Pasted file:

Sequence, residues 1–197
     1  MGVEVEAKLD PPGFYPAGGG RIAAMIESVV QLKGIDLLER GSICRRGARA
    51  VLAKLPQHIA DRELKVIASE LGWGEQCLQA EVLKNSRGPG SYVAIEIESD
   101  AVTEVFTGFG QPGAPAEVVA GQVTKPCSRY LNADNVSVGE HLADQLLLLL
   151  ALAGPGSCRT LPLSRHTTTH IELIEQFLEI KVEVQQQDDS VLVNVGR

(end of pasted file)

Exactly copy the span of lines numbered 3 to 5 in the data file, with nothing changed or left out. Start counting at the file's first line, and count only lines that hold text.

    51  VLAKLPQHIA DRELKVIASE LGWGEQCLQA EVLKNSRGPG SYVAIEIESD
   101  AVTEVFTGFG QPGAPAEVVA GQVTKPCSRY LNADNVSVGE HLADQLLLLL
   151  ALAGPGSCRT LPLSRHTTTH IELIEQFLEI KVEVQQQDDS VLVNVGR